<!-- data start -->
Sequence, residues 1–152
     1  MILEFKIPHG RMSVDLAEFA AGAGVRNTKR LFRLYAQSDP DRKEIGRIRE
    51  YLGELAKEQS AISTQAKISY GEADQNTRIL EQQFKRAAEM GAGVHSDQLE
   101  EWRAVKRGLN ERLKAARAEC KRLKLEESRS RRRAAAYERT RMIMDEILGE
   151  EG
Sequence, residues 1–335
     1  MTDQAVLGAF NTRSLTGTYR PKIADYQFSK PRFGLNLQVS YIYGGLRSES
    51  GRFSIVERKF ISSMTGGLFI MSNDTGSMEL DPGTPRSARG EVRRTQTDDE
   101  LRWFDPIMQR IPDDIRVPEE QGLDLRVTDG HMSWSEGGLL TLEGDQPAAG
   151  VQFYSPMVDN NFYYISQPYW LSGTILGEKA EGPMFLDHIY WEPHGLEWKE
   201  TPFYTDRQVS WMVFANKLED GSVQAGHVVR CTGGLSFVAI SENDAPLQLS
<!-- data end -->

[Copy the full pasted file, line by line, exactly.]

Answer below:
Sequence, residues 1–152
     1  MILEFKIPHG RMSVDLAEFA AGAGVRNTKR LFRLYAQSDP DRKEIGRIRE
    51  YLGELAKEQS AISTQAKISY GEADQNTRIL EQQFKRAAEM GAGVHSDQLE
   101  EWRAVKRGLN ERLKAARAEC KRLKLEESRS RRRAAAYERT RMIMDEILGE
   151  EG
Sequence, residues 1–335
     1  MTDQAVLGAF NTRSLTGTYR PKIADYQFSK PRFGLNLQVS YIYGGLRSES
    51  GRFSIVERKF ISSMTGGLFI MSNDTGSMEL DPGTPRSARG EVRRTQTDDE
   101  LRWFDPIMQR IPDDIRVPEE QGLDLRVTDG HMSWSEGGLL TLEGDQPAAG
   151  VQFYSPMVDN NFYYISQPYW LSGTILGEKA EGPMFLDHIY WEPHGLEWKE
   201  TPFYTDRQVS WMVFANKLED GSVQAGHVVR CTGGLSFVAI SENDAPLQLS